I frequently see product managers / startups fall into two categories. The first is the ones who don't want to ship. They're more cautious by nature -- worried if their product is good enough and they keep refining it over and over again. It's hard to argue with this position, but I'm going to try to. The problem with this is not that fit and finish is not important. It is. The problem is it can be difficult to know the difference between fit and finish and fundamental improvements to the product. Especially for a new product, there are a lot of site features that are potentially useful but work before they're really useful / deliver value. However, information at this stage is sparse. Users don't really know the product that well (even if it's a new version of an existing product.) It's only when the user actually uses the product will you get that information. That's why it's critical to ship. You get a brand new set of information in terms of how the product works, what delivers value, what improvements you need, etc. I like to say that I feel differently about a product at every stage: when we whiteboard, early mockups, actual mocks, internal alpha/beta, when it's live. Every stage -- I can feel the product just a little differently. This is not even counting actual user feedback -- this is just my own gut intuition. That's why you need to keep pushing the ball forward -- so you can get to the next stage to get that intuition and feedback to know what best to do.

Here's the second group. I suspect it's this second group that causes the first group to act the way they do. The second group is comprised of the folks who don't know their product is half baked. They're either inexperienced or, potentially, just have bad judgement. Maybe not fundamentally bad judgement -- but it's sort of like when you see people who wear clothes that don't fit them. It's not that they couldn't understand when a shirt does or does not fit them (forget about how it looks on them), it's just that they don't know. I think the first group thinks of these people and says, "I don't want to look foolish like those people so I'm going to make sure my product is perfect before I launch." I chatted with a startup the other day and they do something around the visualization of data. The CEO told me how they were early but they were getting amazing feedback and that they were aware of bugs and issues but in the spirit of getting an MVP out there (this seems to be the new catchy term of the day "minimum viable product) -- they put it out there. He quite liberally talked about the failings of the product. Here's the problem -- I literally could not understand their graphs. Could not understand them. I tried to gently tell the CEO this by saying, "Can you walk me through how to read your graphs?" This is fundamentally what this startup does and I didn't understand it. I should point out that a) as an economics major -- I've seen more graphs than I'd like to in my lifetime and b) as someone who used to work with data warehouses pretty extensively at -- I do have background in using and displaying quantitative information. So for them to think that this is something that they would show customers, investors, etc. -- I just totally disagree.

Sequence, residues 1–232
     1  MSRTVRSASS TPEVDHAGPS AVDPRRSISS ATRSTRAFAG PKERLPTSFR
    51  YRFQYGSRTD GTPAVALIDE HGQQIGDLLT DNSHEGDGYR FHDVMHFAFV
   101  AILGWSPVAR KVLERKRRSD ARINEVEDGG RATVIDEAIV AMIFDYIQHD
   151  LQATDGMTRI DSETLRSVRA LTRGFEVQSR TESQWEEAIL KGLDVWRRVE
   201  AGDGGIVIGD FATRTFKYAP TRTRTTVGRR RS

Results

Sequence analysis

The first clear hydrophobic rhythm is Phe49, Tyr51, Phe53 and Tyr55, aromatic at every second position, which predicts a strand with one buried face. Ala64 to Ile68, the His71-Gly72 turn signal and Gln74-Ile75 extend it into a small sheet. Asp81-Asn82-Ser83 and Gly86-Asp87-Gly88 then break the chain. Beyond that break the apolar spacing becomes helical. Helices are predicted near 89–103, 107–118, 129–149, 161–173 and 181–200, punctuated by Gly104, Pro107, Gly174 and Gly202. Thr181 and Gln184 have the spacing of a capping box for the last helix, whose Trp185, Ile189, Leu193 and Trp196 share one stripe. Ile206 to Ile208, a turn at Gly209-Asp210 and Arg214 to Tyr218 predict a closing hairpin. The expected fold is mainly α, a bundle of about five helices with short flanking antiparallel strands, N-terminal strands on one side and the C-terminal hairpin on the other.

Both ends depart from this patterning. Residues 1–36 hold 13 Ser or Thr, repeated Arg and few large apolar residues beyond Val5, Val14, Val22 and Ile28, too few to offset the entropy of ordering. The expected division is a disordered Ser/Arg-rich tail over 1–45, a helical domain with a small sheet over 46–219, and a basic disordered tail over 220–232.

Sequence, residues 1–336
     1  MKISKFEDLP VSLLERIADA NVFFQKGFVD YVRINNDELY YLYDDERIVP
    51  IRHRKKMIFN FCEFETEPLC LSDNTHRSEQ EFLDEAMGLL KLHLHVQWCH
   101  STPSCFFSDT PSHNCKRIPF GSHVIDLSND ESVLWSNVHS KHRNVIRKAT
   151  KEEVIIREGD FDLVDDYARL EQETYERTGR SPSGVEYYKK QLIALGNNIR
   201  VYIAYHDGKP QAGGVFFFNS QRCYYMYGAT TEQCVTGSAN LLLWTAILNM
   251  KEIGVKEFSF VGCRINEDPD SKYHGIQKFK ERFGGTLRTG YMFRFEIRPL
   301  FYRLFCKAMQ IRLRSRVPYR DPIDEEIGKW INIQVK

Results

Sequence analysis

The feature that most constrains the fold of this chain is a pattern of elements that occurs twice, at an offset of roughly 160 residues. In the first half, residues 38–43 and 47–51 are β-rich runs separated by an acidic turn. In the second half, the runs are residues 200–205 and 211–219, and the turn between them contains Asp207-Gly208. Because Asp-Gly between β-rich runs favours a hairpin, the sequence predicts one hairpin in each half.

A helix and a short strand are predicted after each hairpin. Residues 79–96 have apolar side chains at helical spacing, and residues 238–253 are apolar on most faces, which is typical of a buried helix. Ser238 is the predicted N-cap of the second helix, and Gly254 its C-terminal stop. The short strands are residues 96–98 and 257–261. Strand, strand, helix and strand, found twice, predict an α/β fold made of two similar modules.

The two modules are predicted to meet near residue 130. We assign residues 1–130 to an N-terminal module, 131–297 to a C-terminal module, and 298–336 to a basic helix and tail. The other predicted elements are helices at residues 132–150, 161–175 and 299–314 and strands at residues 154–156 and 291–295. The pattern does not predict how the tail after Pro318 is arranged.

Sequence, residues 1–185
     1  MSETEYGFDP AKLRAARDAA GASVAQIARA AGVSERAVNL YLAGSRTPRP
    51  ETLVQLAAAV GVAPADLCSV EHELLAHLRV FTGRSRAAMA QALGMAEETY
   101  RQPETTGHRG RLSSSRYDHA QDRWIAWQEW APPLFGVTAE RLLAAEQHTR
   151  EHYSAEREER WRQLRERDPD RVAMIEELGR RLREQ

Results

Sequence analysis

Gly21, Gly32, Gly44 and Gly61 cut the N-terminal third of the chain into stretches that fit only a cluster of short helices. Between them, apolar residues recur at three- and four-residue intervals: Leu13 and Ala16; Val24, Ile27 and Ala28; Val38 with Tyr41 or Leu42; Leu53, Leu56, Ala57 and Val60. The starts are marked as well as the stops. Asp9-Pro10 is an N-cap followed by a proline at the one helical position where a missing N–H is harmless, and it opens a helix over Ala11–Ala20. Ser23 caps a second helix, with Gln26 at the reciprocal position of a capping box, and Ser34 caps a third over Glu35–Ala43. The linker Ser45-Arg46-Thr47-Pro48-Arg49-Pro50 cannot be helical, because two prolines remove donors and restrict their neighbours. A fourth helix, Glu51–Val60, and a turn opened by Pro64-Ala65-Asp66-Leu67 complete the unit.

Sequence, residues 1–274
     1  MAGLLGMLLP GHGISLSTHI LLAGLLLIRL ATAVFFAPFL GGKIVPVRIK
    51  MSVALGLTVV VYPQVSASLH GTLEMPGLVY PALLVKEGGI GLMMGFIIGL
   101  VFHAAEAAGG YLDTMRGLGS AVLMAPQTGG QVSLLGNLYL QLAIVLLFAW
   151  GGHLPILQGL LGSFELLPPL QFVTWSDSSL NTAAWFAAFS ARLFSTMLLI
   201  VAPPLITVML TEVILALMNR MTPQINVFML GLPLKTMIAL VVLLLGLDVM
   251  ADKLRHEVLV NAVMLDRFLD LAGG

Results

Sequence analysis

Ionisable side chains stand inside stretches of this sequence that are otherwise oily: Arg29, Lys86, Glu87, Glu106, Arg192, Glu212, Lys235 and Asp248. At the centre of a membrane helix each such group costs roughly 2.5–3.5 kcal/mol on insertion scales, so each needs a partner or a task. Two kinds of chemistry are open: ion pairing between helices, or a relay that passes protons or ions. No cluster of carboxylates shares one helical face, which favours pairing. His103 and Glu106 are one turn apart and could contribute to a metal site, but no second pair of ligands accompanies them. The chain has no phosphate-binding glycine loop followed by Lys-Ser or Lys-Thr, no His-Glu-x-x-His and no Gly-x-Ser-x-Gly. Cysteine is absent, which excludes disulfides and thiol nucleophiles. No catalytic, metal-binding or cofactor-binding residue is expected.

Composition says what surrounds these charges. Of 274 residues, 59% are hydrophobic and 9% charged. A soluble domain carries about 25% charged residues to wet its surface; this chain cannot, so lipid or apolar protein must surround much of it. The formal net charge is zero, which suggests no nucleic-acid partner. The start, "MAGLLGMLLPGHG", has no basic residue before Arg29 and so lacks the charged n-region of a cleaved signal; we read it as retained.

In all cases though -- it's a sense of where you might fall and then calibrating your judgement / behavior accordingly.

Engineers would often outlast me on a project. I might work on a version of a product and then move onto another project while the engineering team was much more stable. Months later, I would still be getting emails saying that XYZ bug got closed out. Here's what happens. Engineers will literally go through how you prioritized bugs and close them out, one by one, in rank order. That's one of the reasons the role of the product manager is so critical. In terms of day to day work -- you're literally saying, "Work on this, not that." You're deciding whether it's more important to fix a typo on the homepage than to incrementally get closer to v2. At the heart of this question is judgement and value -- having good judgement to know those tradeoffs and a fundamental understanding of your product, how it delivers value, and where investment needs to occur to maximize that value for the customer.